One of the ways my parents were able to send me to a Catholic high school was through a work-study scholarship. This meant that the school assigned me odd jobs in between my classes. My first job involved pumping liquid nacho cheese into portion cups for fellow students waiting in the lunch line. The job I loved most was cleaning the art rooms after school.

I felt, even in that repressed, repressive school with anti-abortion posters in the stairwells and a crucifix above every classroom’s door, that the art wing was a place of immense possibility. Often, there was another…


This is the second installment in an ongoing series of self-accountability posts about what I’m doing on a weekly basis as a writer.

Submitted and landed a pitch with a national publication | Posted a rejected op-ed to my Medium page | Submitted a poetry workshop proposal to a festival | Scheduled and completed interviews for an article | Met with an writer/student on Zoom| Wrote a book review | Pitched an article idea to a new publication | Gave feedback to students | Emailed with a writer friend | Perused publications and added some ideas to my spreadsheet| Publicized…


A Trump sign on the front of a home in Fort Wayne.

If you are a young person, especially if you are too young to vote, let’s talk. Voting is in the news right now, but ethics, politics, and healthy community are about so much more than voting. In fact, voting is the very least of it. If we vote and return to our lives as passive bystanders, we have done very little. So, how do we decide how to act and what to act on?

I often encounter adults whose actions have been poisoned by hatred, people who fear and suspect anyone who doesn’t fit a mold. …


I’d like to start a new series of self-accountability posts in the spirit of the writer Sassafras Lowrey’s tumblr series (I can’t find a link—not sure if ze does those anymore!). Anyway, I always enjoyed reading those posts which were essentially a list of the writer tasks ze had accomplished.

This will be a maybe occasional, maybe regular series where I post what I achieved during the week. Anyone who’s self-employed and trying to build a career knows that it can sometimes feel like you’re climbing up the down escalator of a large mountain. …


Coffee and a notebook: two necessary ingredients for your MFA application process

1. I wish I’d tossed away other people’s advice and suggestions unless they were actually useful.

2. Applying to a total of twelve MFA programs during two application cycles, I learned that if it feels like a program is the right choice on a gut level, do it. But if a particular MFA program is going to put you into tens of thousands of dollars in debt, don’t.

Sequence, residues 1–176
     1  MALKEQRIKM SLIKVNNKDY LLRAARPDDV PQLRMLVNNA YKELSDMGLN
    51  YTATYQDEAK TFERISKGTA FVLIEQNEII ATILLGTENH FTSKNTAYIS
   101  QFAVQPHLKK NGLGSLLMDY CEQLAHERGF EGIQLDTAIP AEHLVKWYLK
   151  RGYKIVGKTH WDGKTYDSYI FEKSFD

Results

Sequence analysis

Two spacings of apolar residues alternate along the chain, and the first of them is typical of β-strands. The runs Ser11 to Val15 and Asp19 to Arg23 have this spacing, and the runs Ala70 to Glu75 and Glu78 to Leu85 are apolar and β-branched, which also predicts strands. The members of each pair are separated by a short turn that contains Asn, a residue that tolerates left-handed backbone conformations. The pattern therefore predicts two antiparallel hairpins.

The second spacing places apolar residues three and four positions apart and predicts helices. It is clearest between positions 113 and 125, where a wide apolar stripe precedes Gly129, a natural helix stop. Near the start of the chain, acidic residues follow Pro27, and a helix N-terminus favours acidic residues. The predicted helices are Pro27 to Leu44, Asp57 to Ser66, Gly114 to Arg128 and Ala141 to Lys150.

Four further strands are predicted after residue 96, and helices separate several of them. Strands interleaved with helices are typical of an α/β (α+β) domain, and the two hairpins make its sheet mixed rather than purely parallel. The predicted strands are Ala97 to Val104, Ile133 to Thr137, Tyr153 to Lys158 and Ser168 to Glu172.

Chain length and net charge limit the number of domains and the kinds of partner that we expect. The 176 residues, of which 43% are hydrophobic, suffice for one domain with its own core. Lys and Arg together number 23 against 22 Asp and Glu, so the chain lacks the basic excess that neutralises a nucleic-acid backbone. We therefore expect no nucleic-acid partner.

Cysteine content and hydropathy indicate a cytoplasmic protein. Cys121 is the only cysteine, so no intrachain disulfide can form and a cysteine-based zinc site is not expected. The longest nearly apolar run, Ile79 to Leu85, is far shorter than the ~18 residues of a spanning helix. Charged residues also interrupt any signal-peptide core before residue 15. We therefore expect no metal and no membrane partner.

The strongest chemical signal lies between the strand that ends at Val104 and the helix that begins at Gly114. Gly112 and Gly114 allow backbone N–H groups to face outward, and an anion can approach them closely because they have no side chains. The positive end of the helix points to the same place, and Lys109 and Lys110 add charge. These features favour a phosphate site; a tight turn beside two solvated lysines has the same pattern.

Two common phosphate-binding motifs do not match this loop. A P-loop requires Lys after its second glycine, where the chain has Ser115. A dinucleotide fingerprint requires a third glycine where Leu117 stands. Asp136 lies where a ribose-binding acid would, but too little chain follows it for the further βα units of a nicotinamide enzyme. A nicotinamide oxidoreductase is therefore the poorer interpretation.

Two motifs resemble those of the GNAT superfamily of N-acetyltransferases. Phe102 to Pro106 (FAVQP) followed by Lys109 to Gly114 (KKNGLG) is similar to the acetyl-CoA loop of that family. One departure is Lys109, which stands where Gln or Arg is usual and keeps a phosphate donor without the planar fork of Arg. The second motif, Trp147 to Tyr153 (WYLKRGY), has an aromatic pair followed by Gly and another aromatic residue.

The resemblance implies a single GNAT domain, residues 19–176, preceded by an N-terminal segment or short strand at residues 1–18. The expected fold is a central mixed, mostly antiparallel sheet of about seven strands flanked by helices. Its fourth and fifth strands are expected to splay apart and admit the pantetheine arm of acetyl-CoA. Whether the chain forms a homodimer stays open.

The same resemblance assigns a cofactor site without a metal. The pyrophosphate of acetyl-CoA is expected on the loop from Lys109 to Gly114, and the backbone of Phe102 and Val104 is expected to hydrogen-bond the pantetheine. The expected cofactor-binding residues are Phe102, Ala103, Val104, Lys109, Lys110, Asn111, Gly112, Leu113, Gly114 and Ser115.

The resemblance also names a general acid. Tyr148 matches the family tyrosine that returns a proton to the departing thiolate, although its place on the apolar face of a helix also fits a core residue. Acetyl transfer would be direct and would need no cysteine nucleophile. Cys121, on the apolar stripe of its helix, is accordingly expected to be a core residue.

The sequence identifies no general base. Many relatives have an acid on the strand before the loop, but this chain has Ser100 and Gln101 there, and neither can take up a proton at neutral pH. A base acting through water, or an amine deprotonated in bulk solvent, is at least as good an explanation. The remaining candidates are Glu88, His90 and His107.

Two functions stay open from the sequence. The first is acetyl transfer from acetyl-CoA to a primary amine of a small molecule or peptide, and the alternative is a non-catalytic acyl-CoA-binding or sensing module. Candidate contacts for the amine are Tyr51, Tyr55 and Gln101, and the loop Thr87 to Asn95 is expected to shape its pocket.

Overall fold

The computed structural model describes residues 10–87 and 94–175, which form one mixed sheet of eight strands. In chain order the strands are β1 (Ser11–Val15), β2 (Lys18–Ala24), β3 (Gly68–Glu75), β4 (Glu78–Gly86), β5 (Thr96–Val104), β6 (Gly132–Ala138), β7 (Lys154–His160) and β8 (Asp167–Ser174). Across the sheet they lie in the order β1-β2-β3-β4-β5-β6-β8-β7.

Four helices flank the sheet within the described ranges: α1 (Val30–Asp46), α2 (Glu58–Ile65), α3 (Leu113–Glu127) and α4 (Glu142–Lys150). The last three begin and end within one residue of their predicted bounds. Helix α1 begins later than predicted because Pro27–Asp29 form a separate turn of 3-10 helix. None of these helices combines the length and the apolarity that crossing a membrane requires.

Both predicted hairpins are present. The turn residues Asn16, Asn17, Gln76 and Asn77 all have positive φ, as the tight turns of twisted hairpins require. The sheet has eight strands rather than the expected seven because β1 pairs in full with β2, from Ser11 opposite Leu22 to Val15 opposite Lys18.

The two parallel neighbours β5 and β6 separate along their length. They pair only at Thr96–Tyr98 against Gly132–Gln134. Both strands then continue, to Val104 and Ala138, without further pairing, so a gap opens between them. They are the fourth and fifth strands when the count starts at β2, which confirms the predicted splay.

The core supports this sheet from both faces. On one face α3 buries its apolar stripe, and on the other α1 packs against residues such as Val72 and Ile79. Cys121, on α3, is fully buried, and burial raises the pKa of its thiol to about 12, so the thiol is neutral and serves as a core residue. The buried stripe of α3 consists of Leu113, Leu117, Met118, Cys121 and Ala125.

3. I am grateful for advice I received about how student debt follows you like a creepy zombie. I’m glad I found a program that paid me to go there. …


Attend any workshop, read any how-to book on writing, converse with any working writer, and you’ll inevitably end up talking about rejection. If you’re trying to get traditionally published, rejection is simply part of the game. We deal with it, we compartmentalize it, and we brag about how bad it is, but I don’t think any of us like it.

Rejection stings. It’s demoralizing, confusing, and seems to confirm our worst fears about ourselves: I’m not a real writer. Who do I think I am, sending out this creative work? I must quit. I’m not worthy. …


The best way to get your poems published is to send them out. That being said, you’ll end up receiving more rejections than acceptances, no matter who you are. The whole thing is just a numbers game. So why not reframe and welcome the reality of those inescapable rejections?

One way to do this is to aim for 100 rejections a year. You can read more here about this approach, one taken by numerous writers to remove the inevitable sting of the submissions process.

In 2018, I continued submitting poems, essays, and writing projects. Sure, I welcomed the publications and…


“Gold Medal Flour” sign

One morning earlier this week, I woke up early, had time to snooze, and thus ended up lying in bed typing a weirdo pseudo-mini-essay Facebook post on my phone about dead raccoons, the perils of Miami traffic, performance art, and my ambivalence toward social media.

Every time I post something on Facebook, I get an immediate response. People like it! Oh wow! But this, of course, is an illusion. It’s engineered. Nevertheless, for me, getting an immediate response on a piece of writing is like a drug. There’s something really satisfying about the immediate appearance of readers.

As I’ve quoted…


I recently sat on a panel of queer writers at Books & Books for Pride Month.

I feel sort of funny about writing two advice posts in a row, but I do want to share the list of tips the panel moderator asked us to compile for new writers. I tried to think about what I would have liked to hear five or eight years ago. I didn’t include some of the most common good advice out there like “write every day.”

Here’s what I came up with:

  1. Don’t listen to other people’s advice unless it makes sense for you.


Stay in the poetry submissions world long enough and you’ll hear plenty of people say, “Don’t enter contests.” In my opinion, there is some truth to this. One must always be wary of scams. It’s also easy to put your hat in the ring before you’re ready (i.e. fancy residencies I applied to with delusion at 22).

But I do think that entering contests can be useful for poets, depending on their goals. Why?

You should be submitting all the time. You may have seen this great article about aiming for 100 annual rejections. This approach to publishing may be…

Freesia McKee

Poet, essayist, performer, teacher. Author of HOW DISTANT THE CITY (Headmistress Press, 2017). Micropublisher. Lover of radio.

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